Friday was our last day, and the most rushed.  I followed my pattern of the day before of an early breakfast followed by a walk around Grasse.  By the time we left I was starting to get familiar with the area- the city center is pretty small, but very varied in elevation.  We visited the Perfume Museum in Grasse, which was pretty cool but very rushed.  Highlights included a mummy hand, a mummy foot, a toilette case that had belonged to Marie Antoinette, many gorgeous old bottles, and a visit to the greenhouse where we were shown labdanum, among other things, which I was later able to identify when I visited my grandparents in Spain over vacation.  We were given free time for lunch and splintered off in smaller groups for the first time.  I was with a group that had a very splapdash meal at Achiana- because we couldn’t leave Grasse without going back!  But of course we didn’t have time to finish. Thankfully I got to carry some food out to eat later.  We visited the museums gardens after lunch, which were somewhere between Grasse and the Nice airport.  Again, February was certainly not their peak season, but there were a few interesting things to see.

Many of us had decided to stay in Nice for the weekend and made our way to our respective abodes after being dropped off at the airport.  Because I don’t have any notes or a schedule from the weekend, I’ll just rattle off some memorable moments- walking high up to view the city, seeing a beach for the first time in forever, riding the ferris wheel (it was Luis’s first time!), waking up to see the sunrise over the water, and just generally exploring the city.  I have to admit, Nice isn’t really my cup of tea.  My classmate George says it reminds him of Florida, his home state, and that’s pretty accurate to me.

Links for the two test week


It’s been such a week so I’m just going to throw some links on here and run. Seriously, right from vacation into double killer exams.  When it feel like a long week and it’s only Tuesday you know you’re in trouble.

But I bought my flight home, wheee!

  • A children’s book to teach about the huge and overwhelming emotional spectrum. Hooray for raising emotionally literate and empathetic children.
  • It’s Luckyscent’s 15 year anniversary- and they’re welcoming some cool store exclusives!
  • This instagram account makes beautiful patterns from everyday objects. One step up from freakebana?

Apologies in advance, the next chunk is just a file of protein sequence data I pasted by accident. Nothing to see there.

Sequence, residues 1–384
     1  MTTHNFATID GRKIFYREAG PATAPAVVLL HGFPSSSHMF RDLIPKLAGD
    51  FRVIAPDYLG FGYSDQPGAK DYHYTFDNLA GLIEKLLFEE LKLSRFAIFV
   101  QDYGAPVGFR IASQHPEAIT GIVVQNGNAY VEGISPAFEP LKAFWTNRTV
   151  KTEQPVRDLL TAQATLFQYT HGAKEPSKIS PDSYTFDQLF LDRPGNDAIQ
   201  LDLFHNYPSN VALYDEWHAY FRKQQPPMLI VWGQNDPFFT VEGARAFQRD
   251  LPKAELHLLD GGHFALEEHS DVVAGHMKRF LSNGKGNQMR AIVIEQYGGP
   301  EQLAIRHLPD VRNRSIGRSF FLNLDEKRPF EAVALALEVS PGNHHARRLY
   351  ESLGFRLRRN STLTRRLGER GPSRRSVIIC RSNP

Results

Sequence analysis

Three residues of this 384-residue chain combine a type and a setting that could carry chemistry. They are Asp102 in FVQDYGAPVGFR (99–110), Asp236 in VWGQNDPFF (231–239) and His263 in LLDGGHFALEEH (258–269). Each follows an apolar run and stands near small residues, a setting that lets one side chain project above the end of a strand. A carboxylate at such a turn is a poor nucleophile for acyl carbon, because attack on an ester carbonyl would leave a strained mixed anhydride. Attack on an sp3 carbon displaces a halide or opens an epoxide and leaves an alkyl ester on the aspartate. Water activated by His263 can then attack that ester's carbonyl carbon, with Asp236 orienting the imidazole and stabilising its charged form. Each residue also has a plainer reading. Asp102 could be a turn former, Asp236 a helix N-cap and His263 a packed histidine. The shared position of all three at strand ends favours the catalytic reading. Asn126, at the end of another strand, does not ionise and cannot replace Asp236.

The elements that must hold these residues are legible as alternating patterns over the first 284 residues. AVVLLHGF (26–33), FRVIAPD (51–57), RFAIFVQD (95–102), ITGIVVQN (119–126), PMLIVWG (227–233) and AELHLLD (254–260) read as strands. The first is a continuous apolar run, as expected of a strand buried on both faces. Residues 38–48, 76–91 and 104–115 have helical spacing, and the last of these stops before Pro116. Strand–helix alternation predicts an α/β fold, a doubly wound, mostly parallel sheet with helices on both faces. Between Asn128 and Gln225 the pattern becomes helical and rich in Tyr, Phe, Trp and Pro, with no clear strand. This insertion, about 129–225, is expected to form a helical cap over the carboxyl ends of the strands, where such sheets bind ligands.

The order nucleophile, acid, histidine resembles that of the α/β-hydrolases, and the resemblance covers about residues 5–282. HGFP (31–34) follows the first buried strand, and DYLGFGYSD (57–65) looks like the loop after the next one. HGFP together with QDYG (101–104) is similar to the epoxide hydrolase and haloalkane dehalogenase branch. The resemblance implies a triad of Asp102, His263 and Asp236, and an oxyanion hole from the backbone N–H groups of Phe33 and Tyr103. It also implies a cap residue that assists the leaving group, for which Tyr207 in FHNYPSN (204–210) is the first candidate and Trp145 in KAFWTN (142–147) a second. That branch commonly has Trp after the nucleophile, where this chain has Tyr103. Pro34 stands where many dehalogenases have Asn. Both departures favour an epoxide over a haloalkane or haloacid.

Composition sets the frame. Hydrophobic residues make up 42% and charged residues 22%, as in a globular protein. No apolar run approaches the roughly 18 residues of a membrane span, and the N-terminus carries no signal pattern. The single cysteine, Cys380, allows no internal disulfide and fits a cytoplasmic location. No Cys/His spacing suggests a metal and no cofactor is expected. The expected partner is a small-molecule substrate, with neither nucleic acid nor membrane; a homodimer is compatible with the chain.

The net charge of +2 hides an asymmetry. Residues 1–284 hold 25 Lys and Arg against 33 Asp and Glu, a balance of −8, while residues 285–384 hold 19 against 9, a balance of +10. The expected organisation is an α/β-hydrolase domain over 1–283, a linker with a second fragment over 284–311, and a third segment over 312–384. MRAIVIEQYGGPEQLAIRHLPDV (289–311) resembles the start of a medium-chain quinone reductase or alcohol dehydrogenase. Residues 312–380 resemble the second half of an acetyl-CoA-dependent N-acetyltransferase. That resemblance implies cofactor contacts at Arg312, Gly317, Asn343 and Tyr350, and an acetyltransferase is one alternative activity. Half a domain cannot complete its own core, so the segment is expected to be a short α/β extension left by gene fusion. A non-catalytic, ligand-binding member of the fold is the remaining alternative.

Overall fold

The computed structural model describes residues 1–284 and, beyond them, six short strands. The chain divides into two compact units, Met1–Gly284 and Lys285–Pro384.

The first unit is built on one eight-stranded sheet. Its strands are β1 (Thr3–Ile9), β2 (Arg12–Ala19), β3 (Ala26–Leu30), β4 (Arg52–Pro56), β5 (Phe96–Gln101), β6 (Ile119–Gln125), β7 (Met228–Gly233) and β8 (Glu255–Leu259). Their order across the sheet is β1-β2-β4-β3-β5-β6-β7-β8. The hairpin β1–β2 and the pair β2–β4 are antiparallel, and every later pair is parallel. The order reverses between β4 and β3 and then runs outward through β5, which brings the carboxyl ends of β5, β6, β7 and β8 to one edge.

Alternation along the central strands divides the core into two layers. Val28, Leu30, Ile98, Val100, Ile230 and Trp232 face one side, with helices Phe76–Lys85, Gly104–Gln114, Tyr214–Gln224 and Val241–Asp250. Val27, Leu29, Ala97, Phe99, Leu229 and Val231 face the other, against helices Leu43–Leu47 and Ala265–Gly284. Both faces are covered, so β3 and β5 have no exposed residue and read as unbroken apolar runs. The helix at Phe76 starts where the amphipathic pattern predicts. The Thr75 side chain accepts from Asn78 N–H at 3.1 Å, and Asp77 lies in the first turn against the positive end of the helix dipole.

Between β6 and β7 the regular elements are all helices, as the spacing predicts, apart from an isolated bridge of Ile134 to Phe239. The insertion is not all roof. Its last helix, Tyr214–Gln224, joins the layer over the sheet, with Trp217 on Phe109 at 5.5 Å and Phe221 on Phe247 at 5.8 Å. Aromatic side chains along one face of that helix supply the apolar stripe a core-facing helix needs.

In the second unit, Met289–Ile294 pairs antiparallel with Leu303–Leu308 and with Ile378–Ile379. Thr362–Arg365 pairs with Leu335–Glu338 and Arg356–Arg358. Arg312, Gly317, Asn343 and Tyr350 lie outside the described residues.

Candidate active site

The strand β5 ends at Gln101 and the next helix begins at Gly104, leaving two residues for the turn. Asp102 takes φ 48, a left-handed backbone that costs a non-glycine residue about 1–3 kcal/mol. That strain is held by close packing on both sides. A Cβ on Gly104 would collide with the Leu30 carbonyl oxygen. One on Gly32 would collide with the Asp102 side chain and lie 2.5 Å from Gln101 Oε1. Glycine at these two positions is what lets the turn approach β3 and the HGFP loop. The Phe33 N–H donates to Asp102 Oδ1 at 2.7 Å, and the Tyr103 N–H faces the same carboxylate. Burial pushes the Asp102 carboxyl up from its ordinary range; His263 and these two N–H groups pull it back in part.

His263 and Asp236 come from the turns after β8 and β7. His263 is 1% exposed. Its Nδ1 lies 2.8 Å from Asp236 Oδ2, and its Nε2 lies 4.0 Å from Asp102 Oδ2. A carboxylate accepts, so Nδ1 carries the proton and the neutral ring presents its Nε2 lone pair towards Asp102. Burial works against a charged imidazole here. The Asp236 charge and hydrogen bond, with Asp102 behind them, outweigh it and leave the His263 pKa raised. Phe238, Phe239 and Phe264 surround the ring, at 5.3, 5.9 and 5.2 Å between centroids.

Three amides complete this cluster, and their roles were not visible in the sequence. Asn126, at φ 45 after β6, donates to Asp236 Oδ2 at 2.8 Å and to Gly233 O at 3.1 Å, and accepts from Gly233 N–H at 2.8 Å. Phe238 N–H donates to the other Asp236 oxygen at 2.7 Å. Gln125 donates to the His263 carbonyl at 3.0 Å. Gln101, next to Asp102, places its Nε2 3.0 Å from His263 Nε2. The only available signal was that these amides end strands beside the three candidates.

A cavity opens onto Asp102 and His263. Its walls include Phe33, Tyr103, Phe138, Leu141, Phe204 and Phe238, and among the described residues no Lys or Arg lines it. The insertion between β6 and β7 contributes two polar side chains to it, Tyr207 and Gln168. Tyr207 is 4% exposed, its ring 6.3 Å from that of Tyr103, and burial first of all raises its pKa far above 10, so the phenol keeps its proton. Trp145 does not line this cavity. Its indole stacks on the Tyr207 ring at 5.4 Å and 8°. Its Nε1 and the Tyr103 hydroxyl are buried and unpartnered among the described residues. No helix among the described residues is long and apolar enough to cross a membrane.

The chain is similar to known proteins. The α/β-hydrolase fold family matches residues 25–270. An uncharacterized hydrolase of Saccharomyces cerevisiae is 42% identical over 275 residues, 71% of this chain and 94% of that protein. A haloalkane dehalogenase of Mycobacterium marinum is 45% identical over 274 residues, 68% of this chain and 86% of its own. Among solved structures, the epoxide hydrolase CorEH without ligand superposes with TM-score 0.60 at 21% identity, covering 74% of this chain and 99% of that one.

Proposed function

• My favorite Oscar speeches!- Guillermo del Toro and Frances McDormand (I just watched the latter again (for the fourth time? Still so powerful. #InclusionRider).
  • I shared an essay about Olympic figure skater Adam Rippon a week or two ago- and he seems pretty charming in person. And he has a cute belly.
  • Wait, are they going to make a film from Chekhov’s The Seagull? Because that would be amazing. Also, how many films is Saoirse Ronan in this year? Also Annette Bening.
  • Heartwarming story of the week: A tiny little girl transfixed by the National Portrait Gallery’s portrait of Michelle Obama meets her idol.
  • My favorite, sent to me by my college roommate (whose birthday was yesterday, Happy Birthday, Lily!)- the largest ever analysis of film dialogue by gender. It reminds me of how my Mom has stopped watching films exclusively about white men (she made a recent exception for Call Me By Your Name) and now finds that most films she watches are about black men. The lack of substantial female roles in the film industry is really astonishing.

Links: But also it’s OSCAR DAY


My life is dark and full of terrors but also pretty good. I’m still getting over my stomach bug/food poisoning, my landlords are creatures from the black lagoon, I have an exam tomorrow and an exam on Friday and I am NOT PREPARED (Constance the Perpetually Unready) but I had a lovely time in Spain and Malta over my break.

What can you do?

I woke up at 3 am for my flight back to France and I’m a mess trying to gain the energy to shower and study, but today is Oscar Day and I have some time-sensitive links that should go up. And also procrastination.


Links 2/26


Happy Friday Monday!

I haven’t been posting much/at all this past week because I’m traveling and on break and in Spain (and tomorrow I’ll be meeting my parents in Malta).  But this evening I’m being antisocial and hanging out in my basement room, and I have a few links to dispense with.